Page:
David “Doc” Moore did not respond to an email for comment.

(Written by Griffen Smith)

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HD 95: Danny Tenebaum vs. Rebecca Dawson

Two political newcomers, Danny Tenenbaum, Democrat, and Rebecca Dawson, Republican, are battling to represent House District 95, which spans Missoula's Westside, Riverfront and River Road neighborhoods.


Missoula County Elections Administrator Bradley Seaman sorts ballots into one of 73 different boxes during ballot processing at the Missoula County Elections Office on Oct. 16, 2020. Since each of the ballots are slightly different, they must be sorted before counting.

Tenenbaum acknowledged racial disparities within the criminal justice system. He told the Missoulian he supports the Green New Deal and protecting public lands. Tenenbaum said he will fight for additional funding for higher education, and believes public funding should support free college tuition. He also said he will fight for affordable housing in Missoula through state investments and by changing zoning regulations so more multi-family housing can be built rather than blocked.

On her website Dawson stated she is running to “promote common sense ideas, educational choices and workable solutions.” Dawson told the Missoulian she believes people are being “crushed” by taxes, and fiscal responsibility should return to the government, not taxpayers. Dawson also believes funding for higher education should fall on the university, not taxpayers. She believes universities like UM should see where they can cut costs, rather than putting a tax burden on locals.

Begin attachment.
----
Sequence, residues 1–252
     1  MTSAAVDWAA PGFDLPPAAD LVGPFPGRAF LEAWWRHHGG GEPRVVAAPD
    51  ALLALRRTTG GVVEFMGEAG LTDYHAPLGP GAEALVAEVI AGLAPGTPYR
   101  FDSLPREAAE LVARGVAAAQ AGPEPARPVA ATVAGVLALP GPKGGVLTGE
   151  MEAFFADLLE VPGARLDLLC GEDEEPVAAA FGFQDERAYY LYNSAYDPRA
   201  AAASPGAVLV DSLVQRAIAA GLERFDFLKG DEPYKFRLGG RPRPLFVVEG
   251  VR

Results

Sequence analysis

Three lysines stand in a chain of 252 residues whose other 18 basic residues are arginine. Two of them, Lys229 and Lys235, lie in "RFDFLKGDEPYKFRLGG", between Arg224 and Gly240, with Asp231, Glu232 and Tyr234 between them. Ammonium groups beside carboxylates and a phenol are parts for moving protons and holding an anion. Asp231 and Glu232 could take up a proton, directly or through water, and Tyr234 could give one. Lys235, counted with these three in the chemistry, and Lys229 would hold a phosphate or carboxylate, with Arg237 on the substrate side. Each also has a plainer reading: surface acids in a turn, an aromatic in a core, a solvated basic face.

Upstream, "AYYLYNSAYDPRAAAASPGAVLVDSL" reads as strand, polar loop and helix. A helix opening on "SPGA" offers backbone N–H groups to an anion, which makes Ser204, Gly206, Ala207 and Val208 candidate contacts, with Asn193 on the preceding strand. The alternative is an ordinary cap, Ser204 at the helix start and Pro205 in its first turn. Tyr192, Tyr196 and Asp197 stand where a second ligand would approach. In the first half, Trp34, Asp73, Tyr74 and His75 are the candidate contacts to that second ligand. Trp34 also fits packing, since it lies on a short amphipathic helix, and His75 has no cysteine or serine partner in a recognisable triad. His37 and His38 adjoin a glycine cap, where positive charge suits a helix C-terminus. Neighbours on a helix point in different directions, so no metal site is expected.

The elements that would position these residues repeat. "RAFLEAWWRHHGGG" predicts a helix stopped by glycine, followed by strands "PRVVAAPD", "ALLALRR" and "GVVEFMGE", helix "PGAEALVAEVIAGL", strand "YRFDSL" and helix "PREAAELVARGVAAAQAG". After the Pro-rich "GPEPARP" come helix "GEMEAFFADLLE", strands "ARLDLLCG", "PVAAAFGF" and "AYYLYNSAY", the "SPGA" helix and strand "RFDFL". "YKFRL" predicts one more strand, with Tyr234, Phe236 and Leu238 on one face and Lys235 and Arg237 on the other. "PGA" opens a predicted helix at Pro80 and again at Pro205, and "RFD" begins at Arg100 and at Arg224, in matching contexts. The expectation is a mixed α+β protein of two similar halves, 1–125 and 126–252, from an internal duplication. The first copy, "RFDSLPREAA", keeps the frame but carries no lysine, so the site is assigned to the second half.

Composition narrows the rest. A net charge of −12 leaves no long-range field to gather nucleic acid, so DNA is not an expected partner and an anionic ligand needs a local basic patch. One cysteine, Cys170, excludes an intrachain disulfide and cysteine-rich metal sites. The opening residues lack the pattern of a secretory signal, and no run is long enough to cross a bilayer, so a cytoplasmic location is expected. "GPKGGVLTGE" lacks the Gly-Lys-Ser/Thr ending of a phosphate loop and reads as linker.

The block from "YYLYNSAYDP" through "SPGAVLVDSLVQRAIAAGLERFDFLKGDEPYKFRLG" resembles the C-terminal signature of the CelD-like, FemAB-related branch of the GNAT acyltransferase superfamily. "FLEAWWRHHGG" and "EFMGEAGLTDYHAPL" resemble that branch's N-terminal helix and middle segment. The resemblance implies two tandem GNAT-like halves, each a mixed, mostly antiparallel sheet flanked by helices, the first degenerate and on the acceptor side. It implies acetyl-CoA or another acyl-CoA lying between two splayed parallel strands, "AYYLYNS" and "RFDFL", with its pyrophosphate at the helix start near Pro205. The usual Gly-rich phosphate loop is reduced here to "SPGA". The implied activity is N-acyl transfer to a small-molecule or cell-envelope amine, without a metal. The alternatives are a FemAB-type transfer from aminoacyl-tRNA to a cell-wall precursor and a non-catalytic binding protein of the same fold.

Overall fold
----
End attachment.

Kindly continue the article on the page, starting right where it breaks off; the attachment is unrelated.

When asked by the Missoulian what should be done to help UM in its enrollment crisis, Dawson said the University should focus on offering more online options to reduce operating costs. Dawson said while it is important to invest in clean energy options in Montana, it is also important to acknowledge the importance of fossil fuels to Montana’s economy.

(Written by Meghan Jonas)

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HD 91:Connie Keogh vs. Bethanie Calvert Wanberg

House District 91, which covers the Lower Rattlesnake and the eastside of the University District, features Democratic incumbent Connie Keogh and Republican challenger Bethanie Calvert Wanberg.